The battle for the World Chess Championship has witnessed numerous titanic struggles which have engaged the interest not only of chess enthusiasts but also of the public at large. The chessboard is the ultimate mental battleground and the world champions themselves are supreme intellectual gladiators.
These magnificent compilations of chess form the basis of Garry Kasparov's definitive history of the World Chess Championship. Garry Kasparov, who is universally acclaimed as the greatest chessplayer ever, subjects the play of his predecessors to a rigorous analysis.
Part I features the play of champions Wilhelm Steinitz (1886-1894), Emanuel Lasker (1894-1921), Jose Capablanca (1921-1927) and Alexander Alekhine (1927-1935 and 1937-1946).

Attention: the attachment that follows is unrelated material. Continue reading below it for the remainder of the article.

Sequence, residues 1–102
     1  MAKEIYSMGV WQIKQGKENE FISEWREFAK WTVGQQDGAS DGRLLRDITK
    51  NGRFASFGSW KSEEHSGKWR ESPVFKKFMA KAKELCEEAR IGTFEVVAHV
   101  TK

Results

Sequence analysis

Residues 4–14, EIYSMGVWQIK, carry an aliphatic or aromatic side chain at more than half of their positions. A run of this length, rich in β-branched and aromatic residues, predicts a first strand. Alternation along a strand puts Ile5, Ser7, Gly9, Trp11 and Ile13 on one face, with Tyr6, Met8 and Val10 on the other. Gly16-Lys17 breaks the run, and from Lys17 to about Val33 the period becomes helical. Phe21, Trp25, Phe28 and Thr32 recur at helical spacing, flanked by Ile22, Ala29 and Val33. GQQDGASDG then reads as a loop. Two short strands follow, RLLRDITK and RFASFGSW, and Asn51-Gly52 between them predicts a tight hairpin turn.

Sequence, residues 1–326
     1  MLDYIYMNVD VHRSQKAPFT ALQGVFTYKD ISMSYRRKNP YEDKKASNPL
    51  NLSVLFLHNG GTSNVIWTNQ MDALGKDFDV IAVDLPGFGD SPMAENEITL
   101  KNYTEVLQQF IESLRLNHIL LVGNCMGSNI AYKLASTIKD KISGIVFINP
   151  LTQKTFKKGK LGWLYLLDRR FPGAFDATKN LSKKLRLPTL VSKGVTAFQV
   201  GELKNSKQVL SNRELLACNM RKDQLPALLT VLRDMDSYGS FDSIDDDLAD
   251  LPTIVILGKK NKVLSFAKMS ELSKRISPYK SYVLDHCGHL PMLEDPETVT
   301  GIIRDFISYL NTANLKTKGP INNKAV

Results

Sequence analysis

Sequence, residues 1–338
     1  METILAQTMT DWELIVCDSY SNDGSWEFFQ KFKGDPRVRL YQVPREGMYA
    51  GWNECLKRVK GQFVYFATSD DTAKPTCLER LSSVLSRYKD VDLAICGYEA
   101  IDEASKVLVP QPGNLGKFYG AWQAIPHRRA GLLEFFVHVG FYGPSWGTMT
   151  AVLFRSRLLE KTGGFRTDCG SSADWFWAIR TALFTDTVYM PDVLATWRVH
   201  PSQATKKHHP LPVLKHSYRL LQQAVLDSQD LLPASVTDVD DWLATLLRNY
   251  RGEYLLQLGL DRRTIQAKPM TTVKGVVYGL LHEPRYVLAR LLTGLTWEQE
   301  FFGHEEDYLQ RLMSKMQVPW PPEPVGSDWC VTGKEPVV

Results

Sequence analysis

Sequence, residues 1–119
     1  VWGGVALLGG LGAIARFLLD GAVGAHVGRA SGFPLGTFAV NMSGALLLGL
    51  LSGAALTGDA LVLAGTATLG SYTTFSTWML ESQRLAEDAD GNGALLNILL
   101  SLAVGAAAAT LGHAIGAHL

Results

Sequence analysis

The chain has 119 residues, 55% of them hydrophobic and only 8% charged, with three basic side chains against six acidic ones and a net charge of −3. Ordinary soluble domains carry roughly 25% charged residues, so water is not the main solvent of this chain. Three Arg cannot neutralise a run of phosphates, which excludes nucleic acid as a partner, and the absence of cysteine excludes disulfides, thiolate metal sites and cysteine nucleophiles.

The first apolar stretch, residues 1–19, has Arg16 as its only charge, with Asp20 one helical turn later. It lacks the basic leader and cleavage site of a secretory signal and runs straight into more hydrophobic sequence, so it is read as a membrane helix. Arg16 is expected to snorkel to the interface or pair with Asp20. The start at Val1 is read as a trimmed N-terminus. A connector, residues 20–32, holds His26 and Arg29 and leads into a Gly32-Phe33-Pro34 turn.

Part II features the play of champions Max Euwe (1935-1937) Mikhail Botvinnik (1946-1957, 1958-1961 and 1961-1963), Vassily Smyslov (1957-1958) and Mikhail Tal (1960-1961).
Part III features the play of champions Tigran Petrosian (1963-1969) and Boris Spassky (1969-1972).
Part IV In the period between 1955 and 1972 Fischer, more or less single-handedly, took on the might of the Soviet Chess Empire, and won. During this time Fischer scored astonishing successes the like of which had not been seen before.
These included 11/11 in the 1963/64 US Championship and match victories (en route to the World Championship) by the score of 6-0 against two of the strongest players in the world, Mark Taimanov and Bent Larsen.
The climax of Fischer's campaign was his unforgettable match win in Reykjavik in 1972 against Boris Spassky.
Part V catalogues the "post-Fischer" period in the 1970's and early 1980's This period was dominated by Anatoly Karpov (world champion from 1975-1985) and his three-time challenger, Viktor Korchnoi.
The first match was in the Candidates Tournament to determine who would challenge Fischer in 1975. Fischer refused to defend his title, making the 1974 Karpov versus Korchnoi match a de facto World Championship match.